Justin Rubner

Posts Tagged ‘twitter’

How to Get People Talking About You

In business communications, social media on 03/10/2009 at 2:25 am

Today, I sold myself out for some lasagna: I shamelessly plugged another company, and pimped out my Twitter account, for the potential of winning $100 in Italian food.

And yes, it was worth it.

lasagna_gansonWhile surfing the Web today, a Maggiano’s Little Italy Twitter promotion caught my eye…and appetite. If you tweeted “Follow @Maggianos by 5pm CST to be entered to win $100 in Maggiano’s gift certificates” by that deadline, you would be eligible to win $100 in mouthwatering angel hair with Joey Z’s Pomodoro sauce, gnocchi with tomato-vodka sauce, or any other concoction that suited your taste.

So why was turning my own Twitter account into an advert for another company worth it? As social media news site Mashable says, the potential reward for spending five seconds advertising for the restaurant far outweighed the cost of sending a tweet. Which, of course, was zero.

In case you’re wondering, I didn’t win. But I am craving Italian food right now. I bet others who participated are too.

And that’s a win for Maggiano’s. The restaurant has 2,396 followers as of this writing. I checked the Twitter account of a restaurant chain that has a near cult-like following–@Five-Guys (a burger joint)–and it has only 352 followers. Imagine if they were offering one year of free meals? Five Guys followers would come out of the woodwork.

So, for simply the cost of the time spent managing a social media campaign and $200 in free food, Maggiano’s got thousands of people talking…and probably eating. Now, for the record, I’m a little peeved that only two diners won–@IssueTrak and @sheabeck. (Maggiano’s didn’t make the number of winners clear from the get-go). And I also think there are more creative things you can do on Twitter than just have people re-tweet something.

But every restaurant–and every furniture store and online retailer for that matter–should be testing innovative social media campaigns like this one right now to get people out of their bunkers and spending money on the economy once again.


Why Your Company Should Be on Twitter

In social media on 02/26/2009 at 10:26 pm

The other day, I saw a news story that caught my interest: Charter Communications, the cable company, was planning to file for bankruptcy protection. Being a Charter customer, I thought I would post my thoughts on Twitter.

My tweet, verbatim:

“My cable co. to file bankruptcy. I told them I was planning on going to AT&T and Charter could have cared less.”

twitter1For those of you a little sketchy on what Twitter is, it’s basically a “micro” blogging site that allows anyone to publish statements in 140 characters or less.

I have a love-hate relationship with Twitter. At best, it’s a collective brain trust–an interactive think tank if you will–that you can draw off of. My life has personally benefited from the ideas that I’ve read on Twitter.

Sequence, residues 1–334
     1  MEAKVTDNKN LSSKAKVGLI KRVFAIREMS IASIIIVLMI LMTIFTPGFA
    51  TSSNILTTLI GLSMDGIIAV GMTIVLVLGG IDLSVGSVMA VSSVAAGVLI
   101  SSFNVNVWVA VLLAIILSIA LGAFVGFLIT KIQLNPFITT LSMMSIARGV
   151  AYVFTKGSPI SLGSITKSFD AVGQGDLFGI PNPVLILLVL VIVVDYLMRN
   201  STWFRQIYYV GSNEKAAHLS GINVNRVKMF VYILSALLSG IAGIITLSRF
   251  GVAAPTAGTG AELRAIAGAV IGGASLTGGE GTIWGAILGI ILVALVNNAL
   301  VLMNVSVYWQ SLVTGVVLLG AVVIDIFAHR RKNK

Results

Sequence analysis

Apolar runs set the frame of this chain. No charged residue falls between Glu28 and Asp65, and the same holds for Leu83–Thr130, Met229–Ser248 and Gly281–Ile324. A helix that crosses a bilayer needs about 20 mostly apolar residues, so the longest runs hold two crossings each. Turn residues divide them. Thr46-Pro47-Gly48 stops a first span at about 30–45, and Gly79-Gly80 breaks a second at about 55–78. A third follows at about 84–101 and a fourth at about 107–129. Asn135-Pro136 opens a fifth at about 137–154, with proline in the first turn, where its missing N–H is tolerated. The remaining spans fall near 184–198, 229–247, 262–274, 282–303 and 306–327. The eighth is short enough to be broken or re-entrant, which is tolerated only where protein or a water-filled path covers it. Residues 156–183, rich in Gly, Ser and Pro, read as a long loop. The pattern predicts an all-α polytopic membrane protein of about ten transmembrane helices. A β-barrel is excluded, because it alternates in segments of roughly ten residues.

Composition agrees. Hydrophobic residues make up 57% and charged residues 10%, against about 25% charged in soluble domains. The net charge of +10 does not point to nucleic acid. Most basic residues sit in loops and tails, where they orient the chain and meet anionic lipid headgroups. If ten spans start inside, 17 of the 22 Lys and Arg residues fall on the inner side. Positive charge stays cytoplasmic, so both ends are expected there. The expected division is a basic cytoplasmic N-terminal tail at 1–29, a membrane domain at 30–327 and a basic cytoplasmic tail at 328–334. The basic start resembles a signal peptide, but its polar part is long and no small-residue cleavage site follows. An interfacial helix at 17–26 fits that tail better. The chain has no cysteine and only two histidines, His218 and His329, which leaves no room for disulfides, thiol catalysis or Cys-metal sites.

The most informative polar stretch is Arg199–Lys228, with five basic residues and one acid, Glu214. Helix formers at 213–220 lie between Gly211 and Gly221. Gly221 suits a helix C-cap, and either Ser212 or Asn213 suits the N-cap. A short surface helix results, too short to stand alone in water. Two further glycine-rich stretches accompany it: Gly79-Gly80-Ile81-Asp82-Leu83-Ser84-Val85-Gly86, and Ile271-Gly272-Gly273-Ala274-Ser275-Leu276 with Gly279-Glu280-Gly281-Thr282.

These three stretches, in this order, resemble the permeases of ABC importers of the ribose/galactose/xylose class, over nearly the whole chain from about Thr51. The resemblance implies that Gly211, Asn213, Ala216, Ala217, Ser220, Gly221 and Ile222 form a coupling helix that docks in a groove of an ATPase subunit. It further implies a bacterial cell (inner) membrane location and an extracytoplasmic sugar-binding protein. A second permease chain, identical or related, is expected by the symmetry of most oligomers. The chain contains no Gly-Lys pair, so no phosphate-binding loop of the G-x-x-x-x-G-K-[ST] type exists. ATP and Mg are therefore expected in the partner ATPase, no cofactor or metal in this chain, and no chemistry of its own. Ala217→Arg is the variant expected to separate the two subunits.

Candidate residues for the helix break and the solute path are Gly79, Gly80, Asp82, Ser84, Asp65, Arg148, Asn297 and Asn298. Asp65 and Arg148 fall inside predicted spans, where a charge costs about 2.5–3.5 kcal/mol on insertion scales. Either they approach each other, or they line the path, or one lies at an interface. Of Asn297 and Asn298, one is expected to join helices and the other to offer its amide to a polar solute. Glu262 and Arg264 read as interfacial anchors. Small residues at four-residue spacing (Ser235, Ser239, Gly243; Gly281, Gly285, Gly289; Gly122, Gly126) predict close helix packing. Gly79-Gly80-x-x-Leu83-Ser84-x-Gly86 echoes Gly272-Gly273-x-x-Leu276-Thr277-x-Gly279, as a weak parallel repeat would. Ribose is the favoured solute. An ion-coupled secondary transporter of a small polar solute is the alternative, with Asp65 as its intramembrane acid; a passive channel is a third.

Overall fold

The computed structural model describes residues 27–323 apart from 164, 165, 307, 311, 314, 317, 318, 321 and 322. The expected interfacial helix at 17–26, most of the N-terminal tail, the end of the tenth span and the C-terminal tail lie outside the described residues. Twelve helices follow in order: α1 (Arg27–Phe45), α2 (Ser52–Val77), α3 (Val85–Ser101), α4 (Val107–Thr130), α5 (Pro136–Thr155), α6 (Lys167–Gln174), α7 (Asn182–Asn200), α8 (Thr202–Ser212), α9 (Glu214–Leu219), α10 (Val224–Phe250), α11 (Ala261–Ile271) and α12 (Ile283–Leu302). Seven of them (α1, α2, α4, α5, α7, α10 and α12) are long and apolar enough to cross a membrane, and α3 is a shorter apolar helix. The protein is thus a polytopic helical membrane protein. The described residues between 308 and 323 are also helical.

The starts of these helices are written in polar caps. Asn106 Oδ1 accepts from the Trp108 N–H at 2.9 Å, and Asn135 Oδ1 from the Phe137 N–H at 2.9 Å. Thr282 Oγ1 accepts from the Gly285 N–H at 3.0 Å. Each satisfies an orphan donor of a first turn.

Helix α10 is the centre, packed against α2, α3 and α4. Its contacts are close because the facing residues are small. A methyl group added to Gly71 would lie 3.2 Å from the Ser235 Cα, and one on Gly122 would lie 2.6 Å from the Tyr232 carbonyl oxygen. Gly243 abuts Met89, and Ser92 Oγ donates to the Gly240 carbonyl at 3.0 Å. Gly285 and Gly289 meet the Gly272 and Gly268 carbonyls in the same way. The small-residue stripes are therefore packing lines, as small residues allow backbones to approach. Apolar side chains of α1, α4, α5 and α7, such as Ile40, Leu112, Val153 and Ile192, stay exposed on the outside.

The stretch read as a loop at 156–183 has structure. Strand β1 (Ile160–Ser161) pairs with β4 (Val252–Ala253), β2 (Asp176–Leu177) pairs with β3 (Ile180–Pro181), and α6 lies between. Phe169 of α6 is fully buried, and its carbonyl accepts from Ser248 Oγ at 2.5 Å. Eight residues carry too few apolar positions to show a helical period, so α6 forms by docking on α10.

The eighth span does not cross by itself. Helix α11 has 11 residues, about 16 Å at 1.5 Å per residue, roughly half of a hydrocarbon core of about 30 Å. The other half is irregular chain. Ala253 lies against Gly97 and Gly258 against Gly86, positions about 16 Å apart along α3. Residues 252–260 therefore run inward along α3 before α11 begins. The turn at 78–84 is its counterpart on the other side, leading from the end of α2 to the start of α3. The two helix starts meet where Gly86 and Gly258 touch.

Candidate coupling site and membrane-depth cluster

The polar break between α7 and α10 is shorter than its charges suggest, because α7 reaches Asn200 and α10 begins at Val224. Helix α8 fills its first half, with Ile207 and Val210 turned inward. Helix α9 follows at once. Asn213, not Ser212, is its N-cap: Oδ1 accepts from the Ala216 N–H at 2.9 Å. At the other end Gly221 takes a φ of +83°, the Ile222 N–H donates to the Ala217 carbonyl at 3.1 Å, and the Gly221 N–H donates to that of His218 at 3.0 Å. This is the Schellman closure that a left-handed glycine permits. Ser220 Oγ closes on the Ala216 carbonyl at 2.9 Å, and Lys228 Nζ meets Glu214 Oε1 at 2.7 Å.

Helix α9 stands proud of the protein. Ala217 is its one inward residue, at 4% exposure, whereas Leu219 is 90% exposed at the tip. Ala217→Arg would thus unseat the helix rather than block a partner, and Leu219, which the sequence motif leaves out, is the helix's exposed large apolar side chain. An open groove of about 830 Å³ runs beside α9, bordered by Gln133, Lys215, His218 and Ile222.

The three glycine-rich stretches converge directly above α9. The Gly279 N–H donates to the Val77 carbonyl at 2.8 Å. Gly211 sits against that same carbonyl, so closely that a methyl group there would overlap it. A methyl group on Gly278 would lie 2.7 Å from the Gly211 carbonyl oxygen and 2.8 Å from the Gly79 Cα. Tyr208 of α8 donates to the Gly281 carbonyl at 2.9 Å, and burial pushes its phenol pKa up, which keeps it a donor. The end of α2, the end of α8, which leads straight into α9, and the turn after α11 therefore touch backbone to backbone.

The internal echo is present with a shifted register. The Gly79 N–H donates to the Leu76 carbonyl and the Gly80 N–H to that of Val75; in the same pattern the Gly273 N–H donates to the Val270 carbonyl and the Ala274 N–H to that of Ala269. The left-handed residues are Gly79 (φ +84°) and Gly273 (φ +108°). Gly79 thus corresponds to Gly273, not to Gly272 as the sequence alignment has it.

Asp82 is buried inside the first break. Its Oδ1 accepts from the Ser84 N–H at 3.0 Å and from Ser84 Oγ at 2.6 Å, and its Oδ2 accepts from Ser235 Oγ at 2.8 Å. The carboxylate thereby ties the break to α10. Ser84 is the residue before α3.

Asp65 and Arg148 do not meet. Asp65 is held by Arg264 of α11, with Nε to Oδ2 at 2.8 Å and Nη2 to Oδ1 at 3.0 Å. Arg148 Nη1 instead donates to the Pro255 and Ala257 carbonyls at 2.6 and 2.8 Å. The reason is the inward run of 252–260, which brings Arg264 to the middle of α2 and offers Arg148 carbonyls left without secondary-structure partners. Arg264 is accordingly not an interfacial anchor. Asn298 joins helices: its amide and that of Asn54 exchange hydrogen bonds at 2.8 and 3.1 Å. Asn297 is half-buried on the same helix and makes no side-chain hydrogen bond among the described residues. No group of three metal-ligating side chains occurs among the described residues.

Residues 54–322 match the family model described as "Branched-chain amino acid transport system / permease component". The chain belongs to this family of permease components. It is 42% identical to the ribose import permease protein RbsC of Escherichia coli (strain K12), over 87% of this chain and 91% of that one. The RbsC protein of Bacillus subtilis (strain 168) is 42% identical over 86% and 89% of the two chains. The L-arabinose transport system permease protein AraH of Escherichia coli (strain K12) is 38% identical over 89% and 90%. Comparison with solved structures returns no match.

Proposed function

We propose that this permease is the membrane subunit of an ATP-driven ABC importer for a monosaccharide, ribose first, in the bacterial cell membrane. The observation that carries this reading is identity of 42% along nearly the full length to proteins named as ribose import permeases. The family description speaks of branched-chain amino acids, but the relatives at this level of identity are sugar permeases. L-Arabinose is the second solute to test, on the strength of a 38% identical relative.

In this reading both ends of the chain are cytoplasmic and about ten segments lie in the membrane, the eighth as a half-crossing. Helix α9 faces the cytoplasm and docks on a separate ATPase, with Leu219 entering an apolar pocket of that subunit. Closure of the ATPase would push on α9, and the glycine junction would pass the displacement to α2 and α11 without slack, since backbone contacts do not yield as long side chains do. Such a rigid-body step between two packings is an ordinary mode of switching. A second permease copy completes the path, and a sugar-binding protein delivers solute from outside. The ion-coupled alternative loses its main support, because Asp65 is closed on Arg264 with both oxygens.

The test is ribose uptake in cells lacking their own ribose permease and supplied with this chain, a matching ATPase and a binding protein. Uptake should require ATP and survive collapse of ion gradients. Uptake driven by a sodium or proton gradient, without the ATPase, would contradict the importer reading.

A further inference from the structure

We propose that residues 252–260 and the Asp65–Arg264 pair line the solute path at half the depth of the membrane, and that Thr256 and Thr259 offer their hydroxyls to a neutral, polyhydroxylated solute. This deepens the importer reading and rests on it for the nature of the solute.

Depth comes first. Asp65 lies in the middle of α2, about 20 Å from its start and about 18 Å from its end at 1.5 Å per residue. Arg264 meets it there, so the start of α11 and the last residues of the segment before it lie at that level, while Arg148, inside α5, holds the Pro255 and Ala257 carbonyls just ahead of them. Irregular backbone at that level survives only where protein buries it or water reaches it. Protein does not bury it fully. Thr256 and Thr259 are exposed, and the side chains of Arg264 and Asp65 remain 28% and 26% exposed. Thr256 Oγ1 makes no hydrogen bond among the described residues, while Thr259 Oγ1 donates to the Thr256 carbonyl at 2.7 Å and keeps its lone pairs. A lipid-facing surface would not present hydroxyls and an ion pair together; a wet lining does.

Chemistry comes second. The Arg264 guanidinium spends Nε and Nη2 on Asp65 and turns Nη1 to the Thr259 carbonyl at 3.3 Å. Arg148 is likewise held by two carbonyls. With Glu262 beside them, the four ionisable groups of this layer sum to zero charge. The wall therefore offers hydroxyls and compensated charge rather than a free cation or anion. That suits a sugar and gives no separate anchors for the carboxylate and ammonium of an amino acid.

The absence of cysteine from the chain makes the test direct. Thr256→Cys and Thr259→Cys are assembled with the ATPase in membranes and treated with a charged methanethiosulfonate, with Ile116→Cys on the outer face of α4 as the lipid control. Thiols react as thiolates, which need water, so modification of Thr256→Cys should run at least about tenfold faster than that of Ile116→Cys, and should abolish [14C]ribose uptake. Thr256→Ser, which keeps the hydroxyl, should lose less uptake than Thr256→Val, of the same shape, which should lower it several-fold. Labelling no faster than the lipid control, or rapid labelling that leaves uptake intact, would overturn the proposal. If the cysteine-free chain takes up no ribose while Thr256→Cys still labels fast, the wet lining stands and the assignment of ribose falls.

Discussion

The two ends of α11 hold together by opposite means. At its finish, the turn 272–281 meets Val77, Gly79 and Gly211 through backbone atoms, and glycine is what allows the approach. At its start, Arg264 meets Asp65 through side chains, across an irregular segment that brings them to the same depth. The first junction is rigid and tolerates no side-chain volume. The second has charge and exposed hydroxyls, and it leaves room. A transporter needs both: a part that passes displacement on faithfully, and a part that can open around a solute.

At worst, though, it’s a high school cafeteria–full of meaningless drivel about everyday experiences…and noise. As Tino Mantella, president of the Technology Association of Georgia, once said, and I’m paraphrasing, “I have no interest in reading tweets on eating ice cream.”

But I must admit I have a new-found respect for the power of Twitter. Within two minutes of my Charter tweet, I received a message from a company rep, “Umatter2Charter,” saying that Charter does care about me. Intrigued, I “DM”d him. (That’s a private e-mail, virtually meaning “direct message.”) I told him I’m never at home and that the AT&T U-verse guy was knocking at my door…

Umatter2Charter called me that day.

I told him I had called another rep about lowering my monthly service because I knew people who had U-verse who were paying less than me and had more channels, a better user interface, and a digital video recorder. (DVRs rock, by the way). The rep, I told him, really could have cared less.

Well, there’s a happy ending. Umatter2Charter knocked off $30. That made me happy. It made me not want to go to AT&T.

Moral of the story? You–yes, you–should be on Twitter. If you manage a brand, any brand– B2B or B2C–you need to be monitoring what consumers are saying about you. And trust me, Twitter users are talking about you, whether you’re a start-up or a Fortune 500 consumer products company. Twitter users tweet about everything. What they’re working on. The software they’re using. The delicious mint chocolate chip ice cream they just ate.

They even tweet about tweeting.

Let’s face it, we aren’t affectionate toward our TV and Internet service providers; we just want a cost-effective service that works. So if a cable company could win my affection, then you could win the affection of wayward customers, too.

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